The University of Massachusetts Amherst

Annual Budget Process Overview

The campus operates on a July 1st to June 30th fiscal year.  Revenue operations submit budgets five months before the start of the fiscal year, beginning a process that culminates in Board of Trustee approval in June.   All other fee increases need to be approved by the Budget Office before the new fiscal year begins.  In contrast, the unrestricted undesignated budget, comprised primarily of state funds and mandatory student fee revenue, is not finalized until early in the fiscal year after the state appropriation has been allocated and actual enrollment data is available.   Departments funded by central campus funds generally begin the fiscal year with the same budget as received in the previous year.  Depending upon the overall budget situation of the campus, increases or reductions to budgets normally occur early in the fiscal year.  Departments, schools and colleges are required to provide year-end projections at mid-year to support updates to campus operating budgets.  Departments also provide explanations of prior year balances and activity to the Budget Office in the fall for the previous fiscal year-end.

Most administrative and academic departments have a mixture of unrestricted, restricted, and revenue based funds as described below.  Restricted funds are primarily grants, gifts, and endowment income where budget periods and restrictions are set by outside entities.

The Budget Office presents summary information about the campus operating budget on the Budget Office website. Training on budget and finance topics is provided by Budget and Controller’s Office staff through Workplace Learning and Development (WL&D) to interested parties.

Requesting Additional Funds

The Budget Office works during the fiscal year to forecast the financial resources available for the next budget year.  Considered in this planning are the resources required to support mandatory costs such as bargained salary increases, utilities and debt service, and to support core initiatives such as financial aid.  In FY16 the campus put in place a more transparent and decentralized budget process.   This comprehensive process begins in the fall/winter with strategic planning for the coming budget year for schools/colleges and administrative units.  Ensuing discussions in the winter/spring shape budget plans for each unit, and these plans may include allocation of new resources, where available, and/or reallocation of existing resources between or within the units.  As such, requests for additional funding must be coordinated at the executive area (Provost, Vice Chancellor) whether these requests are made during the budget planning process or during the fiscal year.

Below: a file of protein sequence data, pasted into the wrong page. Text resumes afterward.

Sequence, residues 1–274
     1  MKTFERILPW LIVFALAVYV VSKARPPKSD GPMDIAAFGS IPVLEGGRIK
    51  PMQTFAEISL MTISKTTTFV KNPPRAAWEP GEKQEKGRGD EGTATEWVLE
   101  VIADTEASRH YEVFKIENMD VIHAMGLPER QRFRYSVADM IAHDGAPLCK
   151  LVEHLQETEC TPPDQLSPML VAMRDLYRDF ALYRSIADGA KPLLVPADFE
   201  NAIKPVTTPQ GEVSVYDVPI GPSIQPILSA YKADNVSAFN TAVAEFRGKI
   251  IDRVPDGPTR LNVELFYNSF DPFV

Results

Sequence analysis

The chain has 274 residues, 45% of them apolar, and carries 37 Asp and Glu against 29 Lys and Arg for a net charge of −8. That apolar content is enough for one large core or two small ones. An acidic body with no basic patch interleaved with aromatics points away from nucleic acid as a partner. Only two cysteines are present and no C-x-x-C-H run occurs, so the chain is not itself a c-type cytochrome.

Campus' Major Sources of Revenue

The campus displays its revenue from both All Funds’ and General Funds’ perspectives. All Funds includes state appropriation, tuition and fee income, revenue operations, grants and contracts, and restricted gifts.  General Funds are a subset of All Funds data and include state appropriation, tuition and mandatory fees, indirect cost recoveries and other unrestricted sources.  General Funds provide the primary source of revenue for the campus’ base budget that sustains the faculty and provides the primary support for teaching and some of the support for the institution’s research enterprise.  State appropriation funds approximately 35% of the general funds revenue base while mandatory student fees comprise another 57%.  On an All Funds basis the state appropriation (20%) and mandatory student fees (33%) are a much smaller portion of All Funds revenue.  Revenue operations (28%) and direct revenue from Grants and Contracts (10%) are included in the All Funds view and comprise a large share of campus revenue.

Campus' Major Expenditure Categories

The campus operating budget presents expenditures by how the funds will be used.  On an All Funds basis Instruction (32%) and Research (9%) comprise more than one-third of the cost. Operation and maintenance of the physical plant – including depreciation -- makes up another 16% of total spending and approximately 18% of spending is for auxiliary enterprises. 13% of the budget is dedicated to financial aid. The remaining 12% of the budget is spent on Public Service, Academic Support, Student Services, and Institutional Support.

What are the Different Campus Funding Sources?

Unrestricted: Funds received for which no stipulation was made by the donor or other external agency as to the purposes for which they should be expended, except for the limitations imposed by law and by the budget. The resources in this group are used for the purpose of performing the primary missions of the institution – instruction, research and public service. This includes any unit concerned directly with the operation and support of the educational program. All of the following are classified as current unrestricted funds:

1. General Operations - Funds used to support the general operational needs of the University. Sources include:

  • State Funds: Funds appropriated by the State Legislature.
  • General Operating Funds (GOF): Funds generated from revenue sources such as the Tuition and Mandatory Student Fees, Trust Fund Interest and Administrative Overhead.

2. Revenue-Based - Funds established for activities that are fully or partially supported through fees or charges for products or services. Revenue-based operations include:

  • Auxiliaries: An operation providing services external, but contributing to, the basic academic mission of the university. Auxiliaries are managed as self-supporting activities through revenue generated from either student fees or the sale of goods or services to the campus community. Some examples of auxiliary operations on this campus are Residence Halls and Family Housing, Student Health, and Boarding Halls.